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This week, my wife, Marty, and I had the honor of attending a church planter's retreat sponsored by the Converge Northwest District and held at the beautiful Cannon Beach Christian Conference Center on the rugged Pacific coast in northern Oregon. Read on to discover just a small amount of what was seen and heard at that relaxed gathering. Maybe you and your church can learn from my observations.

This morning I was looking forward to a day of rest when the power at our house went out. It has now been out over four hours and we're still waitingÐand waitingÐand waiting. In this electronic world, it's hard to get things done when your power goes out, things like writing this blog, for instance. So this brings to mind an important question, "What powers your church?" Consider the following answers.
 Most churched people in North America and maybe around the world attend or are being ministered to by small churches. I am defining a small church as one that has fewer than 125 in face-to-face, average attendance during worship services. These churches and their leaders need not apologize for being small and seemingly insignificant. In fact, they are the churches that may have the greatest impact for the Gospel in their communities. They matter! This blog offers some reasons why, so keep reading to find out why the small church matters to God and to its community.
For some time I have been thinking about what pastors from the Millennial Generation need to understand and accept. It's difficult to generalize generational behavior when speaking about a particular group of younger pastors, but after studying, observing, and helping to place millennial pastors, I will take a risk and state my observations. My hope in doing this is to not only help this group of pastors, but also to help the multigenerational churches they want to serve. What follows is a starter list of my observations and ideas.
When coaching someone, there is power in using a "what if" question. In this blog, I want to encourage you to use the "what if" question as you coach others and seek to help them assist others to come up with solutions to the problems they might face in life, leadership, and ministry. Read on to discover more about using this helpful "tool."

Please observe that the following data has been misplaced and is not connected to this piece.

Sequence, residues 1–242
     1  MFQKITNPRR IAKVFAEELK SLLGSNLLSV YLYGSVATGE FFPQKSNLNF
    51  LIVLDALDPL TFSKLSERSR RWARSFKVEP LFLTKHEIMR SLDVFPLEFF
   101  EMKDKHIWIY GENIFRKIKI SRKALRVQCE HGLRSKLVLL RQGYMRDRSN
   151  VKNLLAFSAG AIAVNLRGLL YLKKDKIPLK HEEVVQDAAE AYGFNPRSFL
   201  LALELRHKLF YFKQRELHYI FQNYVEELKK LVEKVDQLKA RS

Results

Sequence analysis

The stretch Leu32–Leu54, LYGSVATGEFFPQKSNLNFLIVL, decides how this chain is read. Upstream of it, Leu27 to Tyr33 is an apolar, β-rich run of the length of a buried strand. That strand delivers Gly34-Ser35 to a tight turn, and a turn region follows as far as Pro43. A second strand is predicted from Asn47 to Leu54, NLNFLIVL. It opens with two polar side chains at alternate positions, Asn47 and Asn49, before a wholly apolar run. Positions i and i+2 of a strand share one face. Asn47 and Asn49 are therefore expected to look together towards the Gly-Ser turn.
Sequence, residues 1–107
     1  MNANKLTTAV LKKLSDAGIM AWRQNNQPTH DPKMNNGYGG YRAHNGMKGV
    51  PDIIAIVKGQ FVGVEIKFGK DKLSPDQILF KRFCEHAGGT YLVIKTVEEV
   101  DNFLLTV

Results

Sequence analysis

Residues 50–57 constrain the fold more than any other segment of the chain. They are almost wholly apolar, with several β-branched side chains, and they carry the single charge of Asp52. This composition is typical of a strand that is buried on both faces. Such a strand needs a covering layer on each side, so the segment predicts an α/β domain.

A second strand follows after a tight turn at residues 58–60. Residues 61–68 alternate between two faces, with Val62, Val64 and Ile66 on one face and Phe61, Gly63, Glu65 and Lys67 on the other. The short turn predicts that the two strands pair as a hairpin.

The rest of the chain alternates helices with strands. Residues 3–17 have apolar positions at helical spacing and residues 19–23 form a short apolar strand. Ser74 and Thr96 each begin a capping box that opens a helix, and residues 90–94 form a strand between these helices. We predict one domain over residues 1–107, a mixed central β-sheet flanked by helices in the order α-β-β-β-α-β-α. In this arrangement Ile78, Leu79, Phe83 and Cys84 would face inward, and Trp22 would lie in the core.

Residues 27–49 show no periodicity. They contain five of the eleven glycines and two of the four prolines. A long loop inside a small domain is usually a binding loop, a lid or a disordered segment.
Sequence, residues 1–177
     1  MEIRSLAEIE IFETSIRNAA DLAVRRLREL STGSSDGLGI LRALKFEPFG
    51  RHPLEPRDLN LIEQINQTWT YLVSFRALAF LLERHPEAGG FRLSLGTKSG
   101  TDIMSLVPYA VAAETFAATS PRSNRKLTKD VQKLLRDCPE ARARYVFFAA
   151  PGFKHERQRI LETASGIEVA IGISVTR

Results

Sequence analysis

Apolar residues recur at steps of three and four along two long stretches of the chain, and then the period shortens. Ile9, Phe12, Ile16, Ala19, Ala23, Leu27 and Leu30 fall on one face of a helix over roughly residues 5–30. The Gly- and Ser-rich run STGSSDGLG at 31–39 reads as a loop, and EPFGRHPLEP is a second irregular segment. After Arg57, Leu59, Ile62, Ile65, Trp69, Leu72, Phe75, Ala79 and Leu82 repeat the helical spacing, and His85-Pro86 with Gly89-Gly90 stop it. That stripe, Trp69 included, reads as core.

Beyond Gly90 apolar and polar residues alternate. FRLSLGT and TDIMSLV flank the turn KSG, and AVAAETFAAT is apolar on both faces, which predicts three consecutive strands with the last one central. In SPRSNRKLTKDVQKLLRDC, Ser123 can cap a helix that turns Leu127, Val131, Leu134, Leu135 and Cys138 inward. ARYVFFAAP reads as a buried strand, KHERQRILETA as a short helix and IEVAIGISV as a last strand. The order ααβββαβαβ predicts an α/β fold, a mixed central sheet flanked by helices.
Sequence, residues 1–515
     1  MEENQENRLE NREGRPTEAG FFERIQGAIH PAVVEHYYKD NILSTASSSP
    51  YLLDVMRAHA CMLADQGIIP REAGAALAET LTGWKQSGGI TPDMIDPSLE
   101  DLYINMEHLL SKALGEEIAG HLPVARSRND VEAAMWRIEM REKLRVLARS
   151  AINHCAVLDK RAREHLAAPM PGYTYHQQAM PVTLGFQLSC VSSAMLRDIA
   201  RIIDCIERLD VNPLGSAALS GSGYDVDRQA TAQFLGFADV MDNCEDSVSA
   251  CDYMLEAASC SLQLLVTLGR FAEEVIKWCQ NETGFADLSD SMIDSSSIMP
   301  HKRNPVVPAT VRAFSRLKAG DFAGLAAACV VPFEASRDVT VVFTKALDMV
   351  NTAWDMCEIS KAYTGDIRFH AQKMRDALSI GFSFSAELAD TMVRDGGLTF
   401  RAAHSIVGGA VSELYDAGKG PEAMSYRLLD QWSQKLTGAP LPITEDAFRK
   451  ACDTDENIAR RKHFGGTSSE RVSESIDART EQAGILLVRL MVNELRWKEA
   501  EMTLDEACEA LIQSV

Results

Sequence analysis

There are four important principles that should be used in developing or revising any of your church guiding documents. When we talk about guiding documents for the church, we are referring to such documents as articles of incorporation, by-laws, policies, job descriptions, etc. Follow the principles below and you will improve your ministry effectiveness and relevance, plus you may reduce the number of organizational headaches that go with leading a church. Read on to discover what these four principles are.
This past week, two of my granddaughters, Adia and Kalanie, who play basketball for the Lynden, WA High School Lions, went with their team to the state tournament in Yakima, Washington. I listened on my laptop to their first game and cheered them on from a distance even though they lost to a tough team. Go Lions! And for the last few days, I have been thinking about what can be learned from basketball but applied to the church. Let me share with you some of the lessons in this blog. Read on to find out what I observed and learned summarized in seven lessons.
The church planting proposal is a document that serves as the "business plan" for the new church.  It generally covers the first two years of new church development.  In the proposal, the church planter puts into writing what God is laying on his heart.  It spells out the initial vision or dream, the initial ideas of the culture of the new church, and its launch strategy. Keep reading to find out what content is needed in your proposal.
This blog is devoted to something I have observed over many years of ministry to potential and active church planters. I'm sure there are many more but I'll start the conversation by listing five signs you might make a good church planter.
Today my wife and I celebrated our 48th anniversary. It was a quiet celebration. We went out for dinner tonight at Olive Garden. The restaurant even helped us celebrate by giving us a free slice of cheesecake topped with strawberry sauce. It was yummy. During our celebration, we reminisced over a delicious Italian meal and desert about our early life as a married couple. (That's food for another blog post, but don't look for it anytime soon.) As I write this, I am once again reminded about the importance of celebrations in the life of the church. Read on to find out more about celebrations in your church or church plant.